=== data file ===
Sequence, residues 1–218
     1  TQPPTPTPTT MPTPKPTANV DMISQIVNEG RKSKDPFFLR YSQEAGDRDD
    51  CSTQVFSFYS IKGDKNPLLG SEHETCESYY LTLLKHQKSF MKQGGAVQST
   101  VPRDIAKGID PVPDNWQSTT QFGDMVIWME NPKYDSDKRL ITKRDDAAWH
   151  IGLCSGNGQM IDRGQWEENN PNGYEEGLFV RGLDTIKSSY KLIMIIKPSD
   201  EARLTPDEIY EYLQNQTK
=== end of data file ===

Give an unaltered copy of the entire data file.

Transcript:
Sequence, residues 1–218
     1  TQPPTPTPTT MPTPKPTANV DMISQIVNEG RKSKDPFFLR YSQEAGDRDD
    51  CSTQVFSFYS IKGDKNPLLG SEHETCESYY LTLLKHQKSF MKQGGAVQST
   101  VPRDIAKGID PVPDNWQSTT QFGDMVIWME NPKYDSDKRL ITKRDDAAWH
   151  IGLCSGNGQM IDRGQWEENN PNGYEEGLFV RGLDTIKSSY KLIMIIKPSD
   201  EARLTPDEIY EYLQNQTK